Bulletin Articles

Bulletin Articles

“"What God Does, Is Done Well"”

Categories: Iron sharpens iron

And we know that for those who love God all things work together for good, for those who are called according to his purpose.

(Romans 8.28)

The German composer Johann Sebastian Bach got an early dose of grief, when his mother died.  Sebastian was only nine years old at the time, but he didn’t have long to come to terms with that loss, before his father also died, eight months later.  Despite being an orphan, he managed to achieve some small success with his musical abilities—although nothing like the rockstar status he holds in hoity toity circles today.  He got married and had a couple of kids, and then disaster struck again.  When he was 28 years old, his wife bore a set of twins, both of whom died within a few weeks of birth.

In the following year, 1714, he composed and directed a musical performance centered on the theme of suffering, following Jesus’ example, and finding sanctification through sharing in Christ’s trials.  The basic text was provided to him and not a product of his own imagining; but the music he wrote to go with it was evocative, opening mournfully to the words, “weeping, wailing, mourning, despairing.”  Considering the grief he’d suffered, it’s tough to imagine him writing this work without his own losses in mind. 

Its body grew from 1 Peter 2.19, “For this is a gracious thing, when, mindful of God, one endures sorrows while suffering unjustly.”  It encouraged Christians to suffer as Christ suffered, echoing the apostles’ words, “that through many tribulations we must enter the kingdom of God” (Ac 14.22).  The work closed with a triumphant assertion, taken from an even older hymn by Samuel Rodigast, “What God Does, Is Done Well.”  This was, in turn, based on a snippet of Moses’ song for Israel:

“The Rock, his work is perfect…”

(Deuteronomy 32.4)

Taken on its own, this seems like a trite and unhelpful observation about God’s creation, but that’s not the point!  The idea is that, as Paul told us in the words quoted above, “for those who love God all things work together for good,” including our suffering! 

It’s tough for us to imagine how our pain and sorrow could be good.  But in fact, that’s not what the Scripture said!  Rather, it said everything works together for good.  Or, as Peter also wrote above, it is “a gracious thing” to endure unjust suffering.  The suffering itself may be unjust!  But it can be redeemed and turned toward God’s purposes, if we endure it patiently, looking to Jesus, who suffered more—and more unjustly—than we can imagine.  It is oddly comforting to recognizing that God’s plans do not involve our escaping all the miseries of this world.  We see this in Job’s attitude toward the deaths of his ten children:

Then Job arose and tore his robe and shaved his head and fell on the ground and worshiped. And he said, “Naked I came from my mother’s womb, and naked shall I return. The Lord gave, and the Lord has taken away; blessed be the name of the Lord.”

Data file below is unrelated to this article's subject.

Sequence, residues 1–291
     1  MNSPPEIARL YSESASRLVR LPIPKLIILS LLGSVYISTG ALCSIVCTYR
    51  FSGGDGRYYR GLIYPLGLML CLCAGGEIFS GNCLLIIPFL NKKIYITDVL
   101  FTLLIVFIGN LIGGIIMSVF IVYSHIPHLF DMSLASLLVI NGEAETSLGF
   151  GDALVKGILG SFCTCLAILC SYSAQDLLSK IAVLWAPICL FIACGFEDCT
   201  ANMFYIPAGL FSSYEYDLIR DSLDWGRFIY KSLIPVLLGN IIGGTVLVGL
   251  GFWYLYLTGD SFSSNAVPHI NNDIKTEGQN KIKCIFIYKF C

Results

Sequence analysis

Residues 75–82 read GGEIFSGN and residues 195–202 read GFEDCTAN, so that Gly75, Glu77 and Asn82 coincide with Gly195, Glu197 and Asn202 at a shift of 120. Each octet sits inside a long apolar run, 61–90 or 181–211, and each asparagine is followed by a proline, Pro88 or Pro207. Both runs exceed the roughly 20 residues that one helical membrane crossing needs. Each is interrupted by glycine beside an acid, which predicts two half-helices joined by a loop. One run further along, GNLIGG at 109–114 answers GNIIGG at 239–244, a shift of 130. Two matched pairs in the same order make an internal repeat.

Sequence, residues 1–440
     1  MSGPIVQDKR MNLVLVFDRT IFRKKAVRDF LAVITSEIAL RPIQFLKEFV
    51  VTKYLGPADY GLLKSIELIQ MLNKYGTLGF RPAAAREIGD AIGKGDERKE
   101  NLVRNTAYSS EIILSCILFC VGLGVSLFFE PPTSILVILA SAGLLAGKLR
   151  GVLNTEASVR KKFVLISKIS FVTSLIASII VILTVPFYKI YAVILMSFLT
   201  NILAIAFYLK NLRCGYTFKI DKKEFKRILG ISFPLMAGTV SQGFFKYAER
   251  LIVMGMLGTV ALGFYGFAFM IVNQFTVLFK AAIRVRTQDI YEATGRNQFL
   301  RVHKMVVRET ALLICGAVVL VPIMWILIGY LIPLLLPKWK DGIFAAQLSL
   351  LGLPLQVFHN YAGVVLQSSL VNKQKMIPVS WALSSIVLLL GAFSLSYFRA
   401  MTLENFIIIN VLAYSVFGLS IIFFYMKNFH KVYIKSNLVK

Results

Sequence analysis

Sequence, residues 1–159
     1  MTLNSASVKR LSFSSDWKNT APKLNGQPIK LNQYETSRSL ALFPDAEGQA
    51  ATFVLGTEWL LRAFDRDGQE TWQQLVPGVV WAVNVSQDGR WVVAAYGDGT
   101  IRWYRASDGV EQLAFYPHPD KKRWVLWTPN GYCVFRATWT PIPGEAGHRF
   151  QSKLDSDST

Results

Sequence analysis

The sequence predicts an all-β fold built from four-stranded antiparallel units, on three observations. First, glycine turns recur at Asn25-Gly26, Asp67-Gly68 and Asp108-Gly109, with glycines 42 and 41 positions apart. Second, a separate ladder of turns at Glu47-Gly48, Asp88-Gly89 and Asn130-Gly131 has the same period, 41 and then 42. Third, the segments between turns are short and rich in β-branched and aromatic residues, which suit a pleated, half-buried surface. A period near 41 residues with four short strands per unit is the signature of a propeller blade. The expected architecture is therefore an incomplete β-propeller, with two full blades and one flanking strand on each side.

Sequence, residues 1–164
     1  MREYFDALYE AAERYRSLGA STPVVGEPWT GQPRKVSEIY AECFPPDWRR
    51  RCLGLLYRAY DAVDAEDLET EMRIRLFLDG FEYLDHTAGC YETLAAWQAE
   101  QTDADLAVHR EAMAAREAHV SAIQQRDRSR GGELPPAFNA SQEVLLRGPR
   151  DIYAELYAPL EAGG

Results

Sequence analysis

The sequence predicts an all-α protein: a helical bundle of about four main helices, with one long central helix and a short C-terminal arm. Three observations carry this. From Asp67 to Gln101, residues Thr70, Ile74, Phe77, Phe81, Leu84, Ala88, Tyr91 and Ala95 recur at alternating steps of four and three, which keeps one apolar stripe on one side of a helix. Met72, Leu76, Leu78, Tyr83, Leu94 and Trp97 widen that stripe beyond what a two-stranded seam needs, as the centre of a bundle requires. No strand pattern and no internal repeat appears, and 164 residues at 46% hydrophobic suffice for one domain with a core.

(Job 1.20-21)

We see it also in David’s reaction to the death of the child conceived in sin with Bathsheba:

And David said to his servants, “Is the child dead?” They said, “He is dead.” Then David arose from the earth and washed and anointed himself and changed his clothes. And he went into the house of the Lord and worshiped. He then went to his own house. And when he asked, they set food before him, and he ate. Then his servants said to him, “What is this thing that you have done?” …He said, “While the child was still alive, I fasted and wept, for I said, ‘Who knows whether the Lord will be gracious to me, that the child may live?’ But now he is dead. Why should I fast? Can I bring him back again? I shall go to him, but he will not return to me.”

(2Samuel 12.19-23)

But this is not license to ignore suffering, when we have the means to alleviate it!

But if anyone has the world’s goods and sees his brother in need, yet closes his heart against him, how does God’s love abide in him?

(1 John 3.17)

Rather, we are to accept trials, and learn to mold our expectations after God’s plans, and not our own, easily twisted sense of justice.

When Bach wrote his “Weeping, Wailing, Mourning, Despairing” cantata, he’d suffered more grief than most 29-year-olds.  But he was not done.  When he was 34, his seventh child died.  When he was 35, his wife died.  When he was 37, his brother died young.  When he was 41, his eighth child died.  At 42 he lost his twelfth child; at 43 his tenth, as well as a close friend and benefactor, and a sister. At 44, he lost his fourteenth child, and at 47, his fifteenth.  Both his thirteenth and seventeenth children died, when he was 48.  And finally, when Bach was 54, his sixth child, now 24 years old, also died.  He fathered twenty children, and ten of them died in infancy or early childhood.  Another died a very young man, and let’s not forget about Bach’s parents, wife, brother, sister, and close friend, who all died far too young. 

In part, these losses shock us, because our modern lives are cushy, and early death was more common in the 18th century. Yet this was an astonishing degree of bereavement, even by the standards of the time!  What is striking, though, is that Bach brought out the old hymn, “What God Does, Is Done Well,” building portions of it into seven more of his musical works, each time soon after a period of bereavement.  We should all be ready to endure suffering and grief, while giving glory to God, and patiently waiting to see how he will use our pain, for our good.

For I consider that the sufferings of this present time are not worth comparing with the glory that is to be revealed to us.

(Romans 8.18)

Jeremy Nettles